With the "digital nomads" breakout session at DrupalCon Portland still on my mind, I came across an intriguing blog post today by Nithin Coca about the so-called "rise and fall" of Couchsurfing.
For me, one of the big takeaways from reading the post is I learned that Couchsurfing.com went commercial last year. Nithin Coca's argument is that as a result of its commercialization, its business model makes room for "quantity over quality" and the site and its community has gone downhill. Some of the inter-related issues that he brings up are:
- His experience at a Couchsurfing meetup was that attendee ratio leaned toward more socialites and fewer travelers and hosts;
- Trust between Couchsurfing.com travelers and hosts has diminished over time;
- A gender imbalance has always existed on Couchsurfing, but the treatment of women has worsened over time.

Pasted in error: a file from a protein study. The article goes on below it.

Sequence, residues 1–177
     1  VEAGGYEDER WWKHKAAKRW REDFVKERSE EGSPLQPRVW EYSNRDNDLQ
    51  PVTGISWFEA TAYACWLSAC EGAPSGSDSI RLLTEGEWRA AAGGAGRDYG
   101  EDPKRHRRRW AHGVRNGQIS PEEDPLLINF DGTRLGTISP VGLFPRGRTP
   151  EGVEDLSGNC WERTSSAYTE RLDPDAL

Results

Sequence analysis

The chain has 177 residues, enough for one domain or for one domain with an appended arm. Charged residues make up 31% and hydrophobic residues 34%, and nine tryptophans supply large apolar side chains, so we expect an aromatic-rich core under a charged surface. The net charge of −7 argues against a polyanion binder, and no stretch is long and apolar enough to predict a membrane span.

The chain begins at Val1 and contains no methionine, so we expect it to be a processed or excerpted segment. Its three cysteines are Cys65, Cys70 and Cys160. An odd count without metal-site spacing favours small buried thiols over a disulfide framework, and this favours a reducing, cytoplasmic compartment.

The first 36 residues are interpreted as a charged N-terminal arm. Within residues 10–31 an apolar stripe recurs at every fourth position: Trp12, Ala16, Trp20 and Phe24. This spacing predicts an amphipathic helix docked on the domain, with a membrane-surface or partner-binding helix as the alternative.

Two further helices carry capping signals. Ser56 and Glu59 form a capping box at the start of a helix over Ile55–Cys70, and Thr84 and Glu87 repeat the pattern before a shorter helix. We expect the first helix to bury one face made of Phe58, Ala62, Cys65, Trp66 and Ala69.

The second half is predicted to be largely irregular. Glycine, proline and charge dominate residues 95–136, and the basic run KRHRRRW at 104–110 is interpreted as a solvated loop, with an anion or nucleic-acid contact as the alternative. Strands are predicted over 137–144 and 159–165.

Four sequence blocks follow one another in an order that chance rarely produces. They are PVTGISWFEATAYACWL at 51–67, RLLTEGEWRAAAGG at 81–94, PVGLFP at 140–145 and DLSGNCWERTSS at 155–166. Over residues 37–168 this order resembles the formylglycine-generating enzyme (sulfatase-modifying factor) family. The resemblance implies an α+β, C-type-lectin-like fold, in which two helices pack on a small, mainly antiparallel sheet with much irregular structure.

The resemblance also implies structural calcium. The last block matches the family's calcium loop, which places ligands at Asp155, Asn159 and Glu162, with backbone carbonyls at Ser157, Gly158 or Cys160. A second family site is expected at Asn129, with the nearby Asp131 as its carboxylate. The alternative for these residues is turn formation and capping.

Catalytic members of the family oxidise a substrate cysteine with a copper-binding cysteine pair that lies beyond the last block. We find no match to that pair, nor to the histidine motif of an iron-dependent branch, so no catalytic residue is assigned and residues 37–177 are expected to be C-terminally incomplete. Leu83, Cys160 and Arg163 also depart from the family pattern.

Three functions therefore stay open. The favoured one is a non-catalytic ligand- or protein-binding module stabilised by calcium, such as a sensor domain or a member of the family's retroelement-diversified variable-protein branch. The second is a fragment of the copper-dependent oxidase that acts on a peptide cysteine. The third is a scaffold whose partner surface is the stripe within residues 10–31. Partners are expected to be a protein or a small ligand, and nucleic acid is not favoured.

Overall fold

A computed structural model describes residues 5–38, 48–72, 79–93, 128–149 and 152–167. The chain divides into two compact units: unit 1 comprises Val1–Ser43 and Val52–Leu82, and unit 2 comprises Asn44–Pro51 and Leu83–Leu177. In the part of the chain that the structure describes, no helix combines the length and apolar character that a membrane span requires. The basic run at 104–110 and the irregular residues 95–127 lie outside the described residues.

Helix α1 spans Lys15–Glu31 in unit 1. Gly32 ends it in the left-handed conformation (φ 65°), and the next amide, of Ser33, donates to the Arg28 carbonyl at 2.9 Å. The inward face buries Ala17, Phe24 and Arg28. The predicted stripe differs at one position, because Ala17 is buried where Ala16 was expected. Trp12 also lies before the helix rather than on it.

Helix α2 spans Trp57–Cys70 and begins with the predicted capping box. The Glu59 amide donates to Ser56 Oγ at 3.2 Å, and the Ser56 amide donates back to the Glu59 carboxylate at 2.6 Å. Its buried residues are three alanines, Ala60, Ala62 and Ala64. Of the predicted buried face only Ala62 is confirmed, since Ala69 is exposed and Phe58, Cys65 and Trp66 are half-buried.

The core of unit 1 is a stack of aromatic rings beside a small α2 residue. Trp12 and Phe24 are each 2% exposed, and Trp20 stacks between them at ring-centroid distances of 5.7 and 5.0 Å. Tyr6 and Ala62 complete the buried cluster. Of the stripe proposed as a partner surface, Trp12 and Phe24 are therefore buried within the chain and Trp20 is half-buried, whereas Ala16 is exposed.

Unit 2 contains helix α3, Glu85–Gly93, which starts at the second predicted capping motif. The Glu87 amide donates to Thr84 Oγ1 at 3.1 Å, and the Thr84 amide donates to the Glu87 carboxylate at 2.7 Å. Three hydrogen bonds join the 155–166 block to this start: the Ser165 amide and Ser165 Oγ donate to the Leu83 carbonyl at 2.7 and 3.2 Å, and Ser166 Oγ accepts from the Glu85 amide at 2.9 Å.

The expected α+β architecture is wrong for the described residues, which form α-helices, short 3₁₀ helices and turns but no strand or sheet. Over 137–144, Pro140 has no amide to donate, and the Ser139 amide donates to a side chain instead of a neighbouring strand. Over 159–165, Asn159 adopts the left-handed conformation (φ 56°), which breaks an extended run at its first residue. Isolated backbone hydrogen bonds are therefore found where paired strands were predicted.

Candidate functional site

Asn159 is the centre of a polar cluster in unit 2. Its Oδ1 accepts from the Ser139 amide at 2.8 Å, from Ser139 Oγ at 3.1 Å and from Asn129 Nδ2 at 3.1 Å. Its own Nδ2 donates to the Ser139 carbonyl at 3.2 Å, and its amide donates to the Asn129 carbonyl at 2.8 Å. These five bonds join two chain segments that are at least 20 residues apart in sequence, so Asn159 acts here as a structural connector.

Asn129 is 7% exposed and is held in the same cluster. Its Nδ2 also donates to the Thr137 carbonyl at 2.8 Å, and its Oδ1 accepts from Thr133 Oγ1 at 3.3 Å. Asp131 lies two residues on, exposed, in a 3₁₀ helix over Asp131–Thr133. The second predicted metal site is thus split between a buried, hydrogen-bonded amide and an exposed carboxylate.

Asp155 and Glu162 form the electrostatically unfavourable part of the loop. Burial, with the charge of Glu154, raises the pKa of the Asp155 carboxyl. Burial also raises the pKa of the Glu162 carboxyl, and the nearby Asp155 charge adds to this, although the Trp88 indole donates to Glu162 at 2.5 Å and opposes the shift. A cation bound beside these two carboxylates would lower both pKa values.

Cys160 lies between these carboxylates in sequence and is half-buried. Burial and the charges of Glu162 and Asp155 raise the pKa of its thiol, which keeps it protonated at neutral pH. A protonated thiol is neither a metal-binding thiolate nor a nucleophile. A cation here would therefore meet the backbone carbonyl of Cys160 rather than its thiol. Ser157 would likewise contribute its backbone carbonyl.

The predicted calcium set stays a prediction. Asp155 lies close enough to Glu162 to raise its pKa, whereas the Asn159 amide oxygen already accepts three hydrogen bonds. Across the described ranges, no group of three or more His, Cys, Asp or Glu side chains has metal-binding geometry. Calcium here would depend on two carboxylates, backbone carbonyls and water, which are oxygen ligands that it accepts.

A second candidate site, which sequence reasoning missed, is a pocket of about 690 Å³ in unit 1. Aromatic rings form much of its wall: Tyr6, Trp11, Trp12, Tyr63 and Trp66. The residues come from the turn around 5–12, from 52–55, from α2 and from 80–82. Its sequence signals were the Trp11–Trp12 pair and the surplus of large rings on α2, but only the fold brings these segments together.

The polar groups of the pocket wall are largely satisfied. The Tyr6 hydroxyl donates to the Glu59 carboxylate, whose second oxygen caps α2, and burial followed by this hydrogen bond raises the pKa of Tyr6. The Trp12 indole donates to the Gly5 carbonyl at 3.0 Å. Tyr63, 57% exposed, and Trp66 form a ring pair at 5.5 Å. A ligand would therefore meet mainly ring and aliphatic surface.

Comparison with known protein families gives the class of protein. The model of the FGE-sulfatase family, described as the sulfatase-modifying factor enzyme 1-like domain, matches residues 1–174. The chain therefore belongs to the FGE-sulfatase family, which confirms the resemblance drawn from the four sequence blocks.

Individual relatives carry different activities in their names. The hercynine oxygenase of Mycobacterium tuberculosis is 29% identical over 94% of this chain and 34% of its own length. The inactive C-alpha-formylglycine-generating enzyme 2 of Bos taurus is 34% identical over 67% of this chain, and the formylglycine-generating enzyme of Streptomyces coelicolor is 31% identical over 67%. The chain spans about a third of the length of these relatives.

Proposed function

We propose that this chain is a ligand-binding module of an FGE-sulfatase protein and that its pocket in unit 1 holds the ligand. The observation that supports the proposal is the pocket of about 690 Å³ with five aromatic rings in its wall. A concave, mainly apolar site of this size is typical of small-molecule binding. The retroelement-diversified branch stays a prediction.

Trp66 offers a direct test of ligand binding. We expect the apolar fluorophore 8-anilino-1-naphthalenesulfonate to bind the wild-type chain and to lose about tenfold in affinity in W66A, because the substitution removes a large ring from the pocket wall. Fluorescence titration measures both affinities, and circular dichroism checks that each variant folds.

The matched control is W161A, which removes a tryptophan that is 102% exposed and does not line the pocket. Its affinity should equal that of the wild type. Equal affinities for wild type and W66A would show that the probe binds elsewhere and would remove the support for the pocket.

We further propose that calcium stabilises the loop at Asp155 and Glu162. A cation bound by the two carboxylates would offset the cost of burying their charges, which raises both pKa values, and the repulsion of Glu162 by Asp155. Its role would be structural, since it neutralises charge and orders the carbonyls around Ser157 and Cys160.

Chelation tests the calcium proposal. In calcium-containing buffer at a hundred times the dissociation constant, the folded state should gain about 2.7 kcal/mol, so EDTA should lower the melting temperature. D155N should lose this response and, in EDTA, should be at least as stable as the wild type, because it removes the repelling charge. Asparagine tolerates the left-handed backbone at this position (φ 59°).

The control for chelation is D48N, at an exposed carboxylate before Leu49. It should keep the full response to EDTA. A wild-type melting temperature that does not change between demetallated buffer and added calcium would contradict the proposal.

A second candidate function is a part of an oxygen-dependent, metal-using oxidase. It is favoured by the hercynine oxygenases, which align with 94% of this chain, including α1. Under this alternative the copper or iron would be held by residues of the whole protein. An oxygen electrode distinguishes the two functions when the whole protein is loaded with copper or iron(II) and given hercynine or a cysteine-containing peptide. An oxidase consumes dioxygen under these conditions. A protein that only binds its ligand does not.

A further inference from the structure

My feeling about our Drupal Hospitality Network (and the Drupal California Travelers Program) is that because our groups are already deeply connected to the Drupal community, we're automatically solving those issues:
- We have a strong, global community with individuals who are active contributors;
- Having public profiles on Drupal.org creates visibility, enables communication, helps establish trust, etc. — our members are less likely to flake, as that may affect trust in one another and our working relationships;
- Our community appears has a healthier gender balance than Couchsurfing.com (at least from my reading of Nithin Coca's critique).
What I'm left with now are questions. What kind of lessons can we learn from Couchsurfing.com that would make our Hospitality Network even better? Is there a uniform message or badge that we can put on our Drupal.org profiles to show our involvement? Is there interest in building a new website that recreates the best parts of Couchsurfing and AirBnB but is specifically for the Drupal community?
Discussion is welcome both here and at https://largerobot.com/articles/finding-a-couchsurfing-com-replacement